The Glorious Story of the American Silver Dollar Coins and their Value Now
What is your perception of money, now and if it didn’t exist? What would we use to express value for transactions? What legal tender would we use? There was a time in global history were barter trade was the way to go. Due to apparent weaknesses in barter trade, merchants decided to use precious gems and stones as the item to value in transactions. This then ushered in the era of precious metals such as gold and silver. Ultimately, money became what is now the globally used legal tender. To wind the clock just a bit, the precious metal craze was still at play between 1700 to 1930 when American dollar coins were made of silver. These coins provided the balance between art, value and the money function. It is because of this that collectors highly value these coins.
Silver has been used in making coins for the longest time possible. Just after independence, The US government was using silver as the standard of minting, taking into account the country had vast deposits of the metal. At the time, the US mint pressed precious metals to make coins as it was thought that the value of the eventual coin was guaranteed by the metal that was used. After some years of pressing gold in the parts of the 1700s and 1800s, silver was called upon again to make coins, these time making the Morgan dollar and Peace dollar.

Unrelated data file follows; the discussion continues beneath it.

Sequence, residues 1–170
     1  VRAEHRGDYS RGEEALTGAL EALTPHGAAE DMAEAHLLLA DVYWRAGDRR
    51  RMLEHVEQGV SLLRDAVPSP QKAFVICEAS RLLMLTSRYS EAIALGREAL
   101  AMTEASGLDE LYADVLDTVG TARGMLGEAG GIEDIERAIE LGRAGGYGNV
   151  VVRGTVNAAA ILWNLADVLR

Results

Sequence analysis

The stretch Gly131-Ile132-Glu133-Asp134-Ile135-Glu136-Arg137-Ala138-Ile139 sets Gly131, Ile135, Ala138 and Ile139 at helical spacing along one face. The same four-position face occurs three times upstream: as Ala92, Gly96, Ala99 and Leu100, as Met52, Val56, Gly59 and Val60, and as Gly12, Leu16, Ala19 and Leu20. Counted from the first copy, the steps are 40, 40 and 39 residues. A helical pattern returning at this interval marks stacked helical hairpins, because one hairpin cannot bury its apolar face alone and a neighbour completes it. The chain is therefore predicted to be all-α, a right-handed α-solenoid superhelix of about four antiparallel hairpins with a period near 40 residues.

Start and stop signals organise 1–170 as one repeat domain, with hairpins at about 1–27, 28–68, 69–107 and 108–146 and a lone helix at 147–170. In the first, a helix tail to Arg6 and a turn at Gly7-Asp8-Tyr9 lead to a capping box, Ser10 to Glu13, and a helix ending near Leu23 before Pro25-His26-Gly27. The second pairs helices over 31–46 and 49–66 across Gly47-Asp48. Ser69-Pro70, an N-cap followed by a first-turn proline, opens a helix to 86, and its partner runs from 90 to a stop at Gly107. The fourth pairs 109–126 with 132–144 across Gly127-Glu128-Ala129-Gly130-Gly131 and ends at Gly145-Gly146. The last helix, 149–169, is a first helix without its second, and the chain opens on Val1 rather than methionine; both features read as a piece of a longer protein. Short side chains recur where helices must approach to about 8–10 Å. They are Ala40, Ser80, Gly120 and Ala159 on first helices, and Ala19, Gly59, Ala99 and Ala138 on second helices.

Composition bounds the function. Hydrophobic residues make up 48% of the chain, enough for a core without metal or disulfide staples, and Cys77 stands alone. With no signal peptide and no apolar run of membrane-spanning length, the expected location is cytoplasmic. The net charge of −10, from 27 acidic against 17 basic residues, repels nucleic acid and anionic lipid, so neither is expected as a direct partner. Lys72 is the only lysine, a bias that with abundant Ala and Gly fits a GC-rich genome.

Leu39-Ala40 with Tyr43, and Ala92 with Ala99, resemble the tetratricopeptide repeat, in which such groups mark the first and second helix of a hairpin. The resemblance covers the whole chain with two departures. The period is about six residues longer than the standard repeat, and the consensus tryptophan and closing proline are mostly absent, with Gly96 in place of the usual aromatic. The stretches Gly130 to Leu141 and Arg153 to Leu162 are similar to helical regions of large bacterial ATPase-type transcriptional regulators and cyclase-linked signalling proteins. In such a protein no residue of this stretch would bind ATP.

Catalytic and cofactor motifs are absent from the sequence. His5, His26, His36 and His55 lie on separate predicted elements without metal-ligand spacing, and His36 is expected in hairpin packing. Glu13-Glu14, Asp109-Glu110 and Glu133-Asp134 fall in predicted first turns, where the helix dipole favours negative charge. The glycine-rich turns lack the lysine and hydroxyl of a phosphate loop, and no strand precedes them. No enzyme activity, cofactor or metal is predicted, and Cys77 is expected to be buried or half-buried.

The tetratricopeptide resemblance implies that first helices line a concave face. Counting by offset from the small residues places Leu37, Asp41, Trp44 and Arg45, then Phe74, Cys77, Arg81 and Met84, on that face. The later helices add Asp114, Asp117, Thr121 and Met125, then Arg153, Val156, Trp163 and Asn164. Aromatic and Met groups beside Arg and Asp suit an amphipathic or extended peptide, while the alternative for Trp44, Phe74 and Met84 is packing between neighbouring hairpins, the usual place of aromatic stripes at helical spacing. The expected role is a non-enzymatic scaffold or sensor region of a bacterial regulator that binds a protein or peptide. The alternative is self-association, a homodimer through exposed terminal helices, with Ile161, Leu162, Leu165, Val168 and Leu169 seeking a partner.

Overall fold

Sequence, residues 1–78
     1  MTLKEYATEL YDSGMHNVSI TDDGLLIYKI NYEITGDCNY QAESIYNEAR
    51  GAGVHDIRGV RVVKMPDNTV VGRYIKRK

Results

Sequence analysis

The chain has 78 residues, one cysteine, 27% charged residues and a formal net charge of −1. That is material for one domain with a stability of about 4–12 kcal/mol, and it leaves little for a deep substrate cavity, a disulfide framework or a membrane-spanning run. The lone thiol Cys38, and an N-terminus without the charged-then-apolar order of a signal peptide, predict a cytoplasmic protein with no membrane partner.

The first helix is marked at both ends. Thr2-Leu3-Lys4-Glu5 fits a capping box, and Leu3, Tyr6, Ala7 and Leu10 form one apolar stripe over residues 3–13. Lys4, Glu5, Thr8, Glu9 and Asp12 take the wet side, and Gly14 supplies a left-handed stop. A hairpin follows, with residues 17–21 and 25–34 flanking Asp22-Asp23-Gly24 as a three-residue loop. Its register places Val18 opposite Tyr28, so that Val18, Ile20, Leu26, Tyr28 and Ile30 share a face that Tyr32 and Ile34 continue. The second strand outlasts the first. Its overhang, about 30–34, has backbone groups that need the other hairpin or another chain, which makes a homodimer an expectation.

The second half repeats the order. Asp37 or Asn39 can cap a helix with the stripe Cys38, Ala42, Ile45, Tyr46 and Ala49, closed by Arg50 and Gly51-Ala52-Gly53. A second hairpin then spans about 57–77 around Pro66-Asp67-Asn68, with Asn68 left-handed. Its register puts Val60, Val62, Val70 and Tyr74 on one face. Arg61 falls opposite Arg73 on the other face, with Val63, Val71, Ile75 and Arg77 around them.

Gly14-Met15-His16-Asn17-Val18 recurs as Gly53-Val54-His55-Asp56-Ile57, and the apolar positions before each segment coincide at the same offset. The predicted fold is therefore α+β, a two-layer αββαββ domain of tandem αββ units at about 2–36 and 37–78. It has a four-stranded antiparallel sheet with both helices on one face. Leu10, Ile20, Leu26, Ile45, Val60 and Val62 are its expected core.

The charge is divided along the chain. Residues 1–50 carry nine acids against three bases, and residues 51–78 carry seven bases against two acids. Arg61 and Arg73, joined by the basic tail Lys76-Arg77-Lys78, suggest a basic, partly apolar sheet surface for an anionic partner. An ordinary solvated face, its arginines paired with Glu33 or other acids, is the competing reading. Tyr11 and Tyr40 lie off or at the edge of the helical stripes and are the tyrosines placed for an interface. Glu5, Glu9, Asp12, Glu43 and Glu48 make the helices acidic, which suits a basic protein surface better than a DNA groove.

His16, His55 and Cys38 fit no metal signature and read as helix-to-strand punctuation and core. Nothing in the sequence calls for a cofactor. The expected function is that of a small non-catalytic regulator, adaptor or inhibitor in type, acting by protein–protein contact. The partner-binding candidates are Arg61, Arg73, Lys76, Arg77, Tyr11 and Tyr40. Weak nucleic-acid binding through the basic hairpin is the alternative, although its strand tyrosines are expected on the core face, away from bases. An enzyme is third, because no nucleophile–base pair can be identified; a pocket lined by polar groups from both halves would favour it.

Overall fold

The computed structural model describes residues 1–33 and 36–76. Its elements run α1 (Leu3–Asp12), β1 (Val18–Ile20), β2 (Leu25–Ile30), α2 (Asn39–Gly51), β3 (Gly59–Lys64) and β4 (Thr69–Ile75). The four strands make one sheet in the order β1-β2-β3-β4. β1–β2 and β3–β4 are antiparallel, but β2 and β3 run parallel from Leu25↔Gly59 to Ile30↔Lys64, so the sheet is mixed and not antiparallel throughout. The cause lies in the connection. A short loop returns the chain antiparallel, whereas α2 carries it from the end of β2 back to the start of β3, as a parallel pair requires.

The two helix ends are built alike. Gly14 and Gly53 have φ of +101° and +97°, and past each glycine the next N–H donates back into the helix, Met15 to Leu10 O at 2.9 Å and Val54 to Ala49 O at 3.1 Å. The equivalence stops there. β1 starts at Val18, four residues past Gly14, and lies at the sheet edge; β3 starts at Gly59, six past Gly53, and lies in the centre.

The Morgan dollar was the product of the Bland-Allison Act of 1878 which allowed for bimetal minting. The silver dollar coin, in this case, had its design developed by George Morgan, a Brit who worked in the American mint. Its upper side has the Lady of Liberty’s head, The ‘From Many, One’ motto, the pressing year and thirteen stars marking the initial thirteen colonies. Its reverse has an eagle holding arrows and olive branch as a sign of strength in war and peace. Based on its design, the Morgan dollar coin is a mix of history and modernity.
After the first world war, the Peace dollar was pressed with a new model. Its name was to serve as a commemoration of the triumph experienced in the First World War by the US. Its upper side has the engraving of the lady of liberty with a radiant crown, the US motto (In God We Trust) and the pressing date. The reverse side has an eagle carrying an olive branch in the sun’s rays, The US motto-From Many, One and a mint mark from the respective mint. Peace dollars are not silver dollar coins that you come across often and so as a collector, they are gems to have.
To wrap it up, the increase of silver expenses around the late 1920s marked the end of silver as a coinage metal in American currency history. Silver dollar coins today hold value because of the metal they are pressed on. Therefore, as a collector, it wouldn’t hurt to have some silver dollar coins in your collection.